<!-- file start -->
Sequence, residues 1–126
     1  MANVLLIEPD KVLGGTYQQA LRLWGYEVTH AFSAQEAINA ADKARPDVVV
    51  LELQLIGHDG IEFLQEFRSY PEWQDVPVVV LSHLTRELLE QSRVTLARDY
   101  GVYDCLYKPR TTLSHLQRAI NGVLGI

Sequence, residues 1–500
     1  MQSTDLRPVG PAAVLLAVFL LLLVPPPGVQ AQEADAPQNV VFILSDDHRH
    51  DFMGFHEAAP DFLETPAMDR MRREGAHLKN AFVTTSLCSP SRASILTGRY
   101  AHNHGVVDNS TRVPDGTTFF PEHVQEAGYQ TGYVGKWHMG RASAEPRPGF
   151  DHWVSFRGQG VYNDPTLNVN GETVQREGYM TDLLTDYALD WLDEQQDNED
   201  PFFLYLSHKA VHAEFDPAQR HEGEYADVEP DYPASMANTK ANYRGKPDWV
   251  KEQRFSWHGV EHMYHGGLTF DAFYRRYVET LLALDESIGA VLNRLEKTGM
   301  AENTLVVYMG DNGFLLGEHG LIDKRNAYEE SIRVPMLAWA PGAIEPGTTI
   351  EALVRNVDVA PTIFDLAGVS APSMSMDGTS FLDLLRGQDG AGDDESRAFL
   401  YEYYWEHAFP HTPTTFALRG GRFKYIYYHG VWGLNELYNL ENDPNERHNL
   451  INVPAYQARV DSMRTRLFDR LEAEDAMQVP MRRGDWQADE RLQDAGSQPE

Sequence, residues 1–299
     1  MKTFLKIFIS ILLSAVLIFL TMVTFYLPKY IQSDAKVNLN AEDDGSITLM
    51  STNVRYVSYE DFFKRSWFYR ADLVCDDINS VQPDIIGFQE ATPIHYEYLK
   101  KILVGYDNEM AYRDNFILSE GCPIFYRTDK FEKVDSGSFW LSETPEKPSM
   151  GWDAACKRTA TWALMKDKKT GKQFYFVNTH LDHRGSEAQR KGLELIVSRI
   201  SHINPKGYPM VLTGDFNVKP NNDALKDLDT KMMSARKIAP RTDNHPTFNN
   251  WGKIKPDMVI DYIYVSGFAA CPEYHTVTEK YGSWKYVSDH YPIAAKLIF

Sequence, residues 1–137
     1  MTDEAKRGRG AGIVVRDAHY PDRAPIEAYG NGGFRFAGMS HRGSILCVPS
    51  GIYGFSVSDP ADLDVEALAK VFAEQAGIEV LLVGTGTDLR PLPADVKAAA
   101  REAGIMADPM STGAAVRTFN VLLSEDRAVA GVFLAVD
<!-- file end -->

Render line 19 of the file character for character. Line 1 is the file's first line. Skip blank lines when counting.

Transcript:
   101  KILVGYDNEM AYRDNFILSE GCPIFYRTDK FEKVDSGSFW LSETPEKPSM